Self-recognition Is The Greatest Admiration

There are two types of recognition when it comes to achievement. The first is recognition from others. You accomplish something great and are rewarded for it with praise, commendations, awards, promotions, and so on. Those that seek recognition from others are not inherently vain, nor are they wrong for wanting appreciation for their achievements.

The second is self-recognition. The kind of recognition in which you analyze your ventures, determine if you met the goals you set for yourself, and being thankful and relieved in retrospect at the hard work you put in to get there. Self-recognition may come with fewer monetary or symbolic rewards. You may not receive a medal or a promotion, but you’ll feel the satisfaction of being proud of yourself—an underrated sensation.

In each of the fields I helped create, in retrovirus and cancer research, in HIV/AIDS research and genome sequencing tools for drug development, I would have had enormous recognition if I had not moved on. I have had recognition, but not the great accolades of many who stay in the same field for a long time. Though in reflection, I am not sad to have not received the praise my colleagues may have. I am proud of my life’s work because I made the difference I thought I could when choosing to pursue science.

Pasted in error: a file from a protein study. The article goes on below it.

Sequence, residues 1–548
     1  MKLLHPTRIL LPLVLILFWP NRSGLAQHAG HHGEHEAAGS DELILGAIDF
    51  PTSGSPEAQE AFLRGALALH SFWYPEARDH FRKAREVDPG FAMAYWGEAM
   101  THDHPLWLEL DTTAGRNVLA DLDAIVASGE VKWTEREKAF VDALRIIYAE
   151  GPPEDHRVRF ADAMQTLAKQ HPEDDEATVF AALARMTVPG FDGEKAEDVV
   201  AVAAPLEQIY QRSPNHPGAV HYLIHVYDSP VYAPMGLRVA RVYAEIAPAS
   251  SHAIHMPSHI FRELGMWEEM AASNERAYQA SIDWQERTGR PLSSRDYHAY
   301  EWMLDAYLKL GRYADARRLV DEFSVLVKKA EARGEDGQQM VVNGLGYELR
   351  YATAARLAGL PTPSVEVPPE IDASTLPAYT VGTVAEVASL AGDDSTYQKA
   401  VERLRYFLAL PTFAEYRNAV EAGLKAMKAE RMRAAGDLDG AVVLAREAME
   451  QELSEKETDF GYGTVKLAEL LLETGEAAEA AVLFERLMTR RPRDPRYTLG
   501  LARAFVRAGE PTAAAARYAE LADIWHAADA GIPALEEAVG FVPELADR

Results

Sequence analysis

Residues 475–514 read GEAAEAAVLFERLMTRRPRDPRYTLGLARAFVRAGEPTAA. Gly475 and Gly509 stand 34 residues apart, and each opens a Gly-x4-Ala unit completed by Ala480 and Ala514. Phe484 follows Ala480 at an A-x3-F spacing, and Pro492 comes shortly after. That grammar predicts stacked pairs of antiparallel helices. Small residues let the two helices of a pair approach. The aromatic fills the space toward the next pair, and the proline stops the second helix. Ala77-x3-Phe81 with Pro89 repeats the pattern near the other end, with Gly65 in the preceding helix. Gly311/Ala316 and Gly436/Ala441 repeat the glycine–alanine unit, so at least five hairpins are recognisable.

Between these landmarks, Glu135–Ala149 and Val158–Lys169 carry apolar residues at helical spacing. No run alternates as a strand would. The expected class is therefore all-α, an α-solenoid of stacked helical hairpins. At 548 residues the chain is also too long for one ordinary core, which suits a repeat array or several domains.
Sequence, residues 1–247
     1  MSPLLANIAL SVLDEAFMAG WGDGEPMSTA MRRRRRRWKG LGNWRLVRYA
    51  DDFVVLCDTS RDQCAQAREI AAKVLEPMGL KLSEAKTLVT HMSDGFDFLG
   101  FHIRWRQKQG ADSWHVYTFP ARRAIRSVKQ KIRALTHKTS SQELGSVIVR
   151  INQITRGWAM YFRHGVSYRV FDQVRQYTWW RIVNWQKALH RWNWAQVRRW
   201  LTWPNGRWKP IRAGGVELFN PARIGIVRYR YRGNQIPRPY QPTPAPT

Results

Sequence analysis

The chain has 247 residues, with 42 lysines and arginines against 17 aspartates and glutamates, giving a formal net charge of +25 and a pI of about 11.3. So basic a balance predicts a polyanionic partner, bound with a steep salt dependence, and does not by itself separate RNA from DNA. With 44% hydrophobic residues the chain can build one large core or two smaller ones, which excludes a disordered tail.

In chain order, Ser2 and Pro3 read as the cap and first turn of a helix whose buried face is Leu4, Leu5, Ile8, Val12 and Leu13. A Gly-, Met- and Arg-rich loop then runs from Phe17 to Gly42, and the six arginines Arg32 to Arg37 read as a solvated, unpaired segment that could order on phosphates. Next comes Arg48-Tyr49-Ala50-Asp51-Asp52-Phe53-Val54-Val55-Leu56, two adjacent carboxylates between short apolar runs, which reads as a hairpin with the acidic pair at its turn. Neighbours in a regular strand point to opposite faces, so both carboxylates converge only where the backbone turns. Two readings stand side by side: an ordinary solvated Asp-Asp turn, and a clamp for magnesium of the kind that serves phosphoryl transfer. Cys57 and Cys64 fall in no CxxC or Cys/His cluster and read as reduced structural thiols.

Recognition typically comes ten years after you have done your work. But I think about it like the Emily Dickinson poem: 

“Who Are You/Are You Nobody Too?/Then there’s a pair of us!/Don’t tell! They’d advertise – you know!

How dreary – to be – Somebody/How public – like a Frog – /To tell one’s name – the livelong June – /To an admiring Bog!” 

Yes, recognition and prestige are tools that help you get things done. What truly matters is self-recognition: knowing what you have done, not what other people think you have done. We should define ourselves by our own goals, what we are achieving to reach those goals.

I have never been jealous of other people’s accomplishments. I think of other people’s success as indicative perhaps of what I could do. I have always admired what others could do. This is a much better attitude than being jealous of others’ success. Jealousy breeds contempt and regret. I have no contempt, nor am I regretful. I am proud of my colleagues for their additions to society. Some of them may have more yet to give. Though I am proud of myself as well, and how I have dedicated myself to science. My self-recognition fuels my drive, and I have much more to give in the years to come.

This blog is one in a series showcasing writing samples from my autobiography: My Lifelong Fight Against Disease. Available for purchase here.

© William A. Haseltine, PhD. All Rights Reserved.